The Pentagon is seeking a new home for Africa Command, the military headquarters created for the continent in 2007. It is now housed at a base in Stuttgart, Germany, an area The Economist aptly calls “perhaps the least African place in the world.”
We say bring it home. Congress, for predictable reasons, agrees. At recent hearings, lawmakers questioning Gen. Carter Ham, AFRICOM’s commander, focused not on the war he was then running in Libya but on landing the 2,000 jobs under his command for their voters.
Sen. Jim Webb, a Virginia Democrat, pointed to the Hampton Roads real estate vacated by Joint Forces Command’s closure. Rep. Hank Johnson, a Georgia Democrat, bragged of Atlanta’s African diaspora community, and more relevantly, international airport. South Carolina’s Rep. Joe Wilson, a Republican, argued for Charleston because of the culture it shares with West Africa, boldly trying to turn slavery into an economic asset 150 years after it was abolished.
Pathetic as the spectacle was, it had a certain logic. AFRICOM is basically useless. If it is to exist, it might as well generate jobs at home.
“Bringing peace and stability to Africa is a tall order for the U.S. military.”
The Pentagon burdened the command with a uniquely ambitious charge. Unlike our other regional commands, AFRICOM was not intended merely to manage military planning in its area. PowerPoint slides full of trendy terms like “interagency process,” “unity of effort” “smart power” and “capacity-building” obfuscated AFRICOM’s audacious mission: to coordinate other U.S. agencies’ efforts to help African governments establish peace and stability, melding war planning, diplomacy and development.
That mission assumes not only that American military officers know the causes of Africa’s troubles but that they can empower Africans to fix them. It also recommended a headquarters in Africa.
Things have not gone as planned. For starters, no suitable host emerged. Many of Africa’s 55 nations suffered disqualifying conditions - disastrous civil wars, Muslim populations big enough to provoke charges that we were occupying another Muslim nation, or are under NATO attack.
That left only a handful of candidates to bribe for a base. But those African leaders presumably had less confidence than their would-be mentors that modern nation-building is distinct from the colonial variant that caused them so much trouble. So Africa Command remains in Germany, shunned by the governments it aims to assist.
Another problem is the State Department has not sent AFRICOM as many diplomats as it wants. Perhaps Foggy Bottom was reluctant to subordinate diplomats to generals in service of goals that we used to call “diplomacy.” They may also cling stubbornly to the idea that our African embassies are a better place than Army bases in Germany from which to engage African governments.
AFRICOM’s biggest problem is that its objectives assume powers it lacks. Its advocates imply that al-Qaida would be running much of the continent but for training it organized and wells it helped dig. But African chaos is amenable neither to foreign state-builders nor international terrorism. AFRICOM’s busy work has no real impact on our security.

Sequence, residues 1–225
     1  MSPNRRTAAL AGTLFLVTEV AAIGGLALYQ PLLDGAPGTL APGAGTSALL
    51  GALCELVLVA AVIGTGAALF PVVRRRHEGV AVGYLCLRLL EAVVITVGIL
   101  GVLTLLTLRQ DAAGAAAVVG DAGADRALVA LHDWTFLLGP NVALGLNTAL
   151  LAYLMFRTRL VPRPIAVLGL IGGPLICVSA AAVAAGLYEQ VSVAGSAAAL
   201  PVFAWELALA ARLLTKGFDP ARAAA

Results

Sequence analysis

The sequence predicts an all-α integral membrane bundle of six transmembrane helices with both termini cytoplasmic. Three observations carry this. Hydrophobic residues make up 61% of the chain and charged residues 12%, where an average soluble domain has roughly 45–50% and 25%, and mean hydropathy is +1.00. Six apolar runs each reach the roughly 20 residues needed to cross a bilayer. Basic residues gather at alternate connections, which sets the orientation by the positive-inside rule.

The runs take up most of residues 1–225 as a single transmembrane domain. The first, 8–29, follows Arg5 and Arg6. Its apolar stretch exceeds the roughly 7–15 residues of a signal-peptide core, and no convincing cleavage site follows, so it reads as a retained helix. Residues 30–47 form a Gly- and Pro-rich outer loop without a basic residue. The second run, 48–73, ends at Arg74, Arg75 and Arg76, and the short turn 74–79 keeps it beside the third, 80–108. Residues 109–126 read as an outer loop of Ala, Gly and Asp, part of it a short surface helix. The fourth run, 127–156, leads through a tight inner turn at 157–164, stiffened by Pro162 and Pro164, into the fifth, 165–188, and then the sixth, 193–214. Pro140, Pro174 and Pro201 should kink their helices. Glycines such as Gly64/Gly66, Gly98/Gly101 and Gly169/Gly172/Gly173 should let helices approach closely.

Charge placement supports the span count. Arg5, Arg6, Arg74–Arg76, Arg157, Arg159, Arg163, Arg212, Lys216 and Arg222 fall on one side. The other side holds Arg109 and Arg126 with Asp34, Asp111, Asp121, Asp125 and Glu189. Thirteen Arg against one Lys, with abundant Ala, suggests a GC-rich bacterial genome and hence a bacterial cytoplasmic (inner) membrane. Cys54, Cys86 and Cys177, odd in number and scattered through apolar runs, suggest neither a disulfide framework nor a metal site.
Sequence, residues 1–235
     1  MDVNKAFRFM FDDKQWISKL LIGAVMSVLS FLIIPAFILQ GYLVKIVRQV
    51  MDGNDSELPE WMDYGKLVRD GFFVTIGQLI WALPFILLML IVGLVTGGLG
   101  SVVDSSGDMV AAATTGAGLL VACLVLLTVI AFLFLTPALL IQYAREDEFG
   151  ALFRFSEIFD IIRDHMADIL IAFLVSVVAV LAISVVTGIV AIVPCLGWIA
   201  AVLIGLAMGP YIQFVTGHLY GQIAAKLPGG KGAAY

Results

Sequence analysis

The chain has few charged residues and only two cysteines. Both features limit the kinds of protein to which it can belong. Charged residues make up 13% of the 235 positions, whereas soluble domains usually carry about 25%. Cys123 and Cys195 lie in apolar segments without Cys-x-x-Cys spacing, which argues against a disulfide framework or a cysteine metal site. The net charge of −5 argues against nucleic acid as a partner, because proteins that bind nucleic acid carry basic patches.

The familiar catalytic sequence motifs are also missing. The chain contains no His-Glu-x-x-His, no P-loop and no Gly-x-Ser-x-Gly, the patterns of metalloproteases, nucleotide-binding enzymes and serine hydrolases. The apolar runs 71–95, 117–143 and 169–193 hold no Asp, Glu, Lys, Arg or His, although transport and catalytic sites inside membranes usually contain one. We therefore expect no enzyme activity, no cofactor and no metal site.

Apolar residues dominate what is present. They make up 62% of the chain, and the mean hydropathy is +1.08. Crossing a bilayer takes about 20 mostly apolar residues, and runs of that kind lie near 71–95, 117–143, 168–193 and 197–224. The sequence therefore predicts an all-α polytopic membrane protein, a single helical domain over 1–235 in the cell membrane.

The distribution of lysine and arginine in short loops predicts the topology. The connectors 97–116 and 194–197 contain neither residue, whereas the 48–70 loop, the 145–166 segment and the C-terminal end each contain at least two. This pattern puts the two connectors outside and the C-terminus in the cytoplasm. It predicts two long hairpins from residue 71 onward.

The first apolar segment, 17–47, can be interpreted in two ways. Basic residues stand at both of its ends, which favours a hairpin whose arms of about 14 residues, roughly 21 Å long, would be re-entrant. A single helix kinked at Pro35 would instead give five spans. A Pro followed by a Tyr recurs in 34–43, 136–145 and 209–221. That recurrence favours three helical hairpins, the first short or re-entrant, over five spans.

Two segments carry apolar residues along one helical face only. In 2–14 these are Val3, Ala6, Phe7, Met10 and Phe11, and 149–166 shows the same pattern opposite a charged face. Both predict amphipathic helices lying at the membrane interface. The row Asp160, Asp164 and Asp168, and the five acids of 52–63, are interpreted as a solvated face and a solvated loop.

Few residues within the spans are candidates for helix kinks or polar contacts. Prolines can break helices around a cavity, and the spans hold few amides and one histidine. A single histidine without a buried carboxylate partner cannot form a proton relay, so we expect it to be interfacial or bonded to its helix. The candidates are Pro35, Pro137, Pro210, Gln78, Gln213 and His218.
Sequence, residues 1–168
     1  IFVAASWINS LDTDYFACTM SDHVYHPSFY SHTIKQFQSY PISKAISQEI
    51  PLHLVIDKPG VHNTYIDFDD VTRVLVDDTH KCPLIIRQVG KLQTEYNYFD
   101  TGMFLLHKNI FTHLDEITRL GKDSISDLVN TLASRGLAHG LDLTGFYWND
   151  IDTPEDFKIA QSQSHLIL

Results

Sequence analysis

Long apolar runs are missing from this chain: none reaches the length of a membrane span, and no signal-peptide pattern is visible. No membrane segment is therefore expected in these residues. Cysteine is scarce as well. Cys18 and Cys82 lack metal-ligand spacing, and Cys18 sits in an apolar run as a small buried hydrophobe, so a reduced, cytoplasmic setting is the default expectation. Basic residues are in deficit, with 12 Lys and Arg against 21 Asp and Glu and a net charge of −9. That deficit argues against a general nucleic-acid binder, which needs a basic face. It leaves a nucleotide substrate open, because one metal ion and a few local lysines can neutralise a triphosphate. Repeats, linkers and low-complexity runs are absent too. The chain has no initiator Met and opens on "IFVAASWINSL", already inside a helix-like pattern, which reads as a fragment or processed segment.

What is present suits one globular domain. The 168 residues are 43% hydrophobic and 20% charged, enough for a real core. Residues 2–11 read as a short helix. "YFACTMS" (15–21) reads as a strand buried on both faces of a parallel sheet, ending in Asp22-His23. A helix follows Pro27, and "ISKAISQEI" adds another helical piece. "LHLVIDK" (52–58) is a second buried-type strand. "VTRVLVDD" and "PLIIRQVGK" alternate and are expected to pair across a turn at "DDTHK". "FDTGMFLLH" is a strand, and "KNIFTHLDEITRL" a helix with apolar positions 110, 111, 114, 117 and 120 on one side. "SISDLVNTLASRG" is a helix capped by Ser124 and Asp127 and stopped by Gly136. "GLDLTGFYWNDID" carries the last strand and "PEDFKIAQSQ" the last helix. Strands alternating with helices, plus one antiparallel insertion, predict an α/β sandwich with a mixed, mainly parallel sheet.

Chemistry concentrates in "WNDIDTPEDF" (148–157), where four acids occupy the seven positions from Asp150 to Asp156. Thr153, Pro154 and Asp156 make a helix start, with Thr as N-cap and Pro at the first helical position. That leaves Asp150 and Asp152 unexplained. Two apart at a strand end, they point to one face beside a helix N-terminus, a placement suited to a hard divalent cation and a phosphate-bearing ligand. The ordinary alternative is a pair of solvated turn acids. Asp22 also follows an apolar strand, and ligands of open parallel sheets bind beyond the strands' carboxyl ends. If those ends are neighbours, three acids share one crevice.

It is not that taxpayers get a great deal on the other geographic commands. Southern Command, which deals with South and Central America, fights the counterproductive drug war and Haitian boat people. Northern Command, for North America, is mostly concerned with missions that the National Guard and the North American Aerospace Defense Command has covered. Its biggest enemies are storms, Posse Comitatus and overwrought cyber fears.
European Command ran out of enemies in the 1990s. Even Central Command (the Middle-East) and Pacific Command (Asia), which at least have real threats to hype, largely replicate capacity in the Pentagon or the commands we stand up in the countries where we fight. We should close them all.
Because our leaders likely will not do that, they should at least make AFRICOM a local, rather than foreign, subsidy. Bring it home, as we already have done for Southern and Central Commands. As Massachusetts natives, our first choice for AFRICOM’s new home is Fort Devens, a closed base near Boston, just across the ocean from the continent it is to run. The Gulf Coast could also work. New Orleans and Biloxi are both home to military bases and still struggling from Hurricane Katrina and the oil spill.
Washington has some empty offices, three nearby airports and plenty of hard workers well-versed in this brand of technocratic idealism.
Bringing peace and stability to Africa is a tall order for the U.S. military. Bringing a few jobs home is doable. Military programs shouldn’t be jobs programs, everyone says. But, as it happens, they are, and we might as well make them local ones.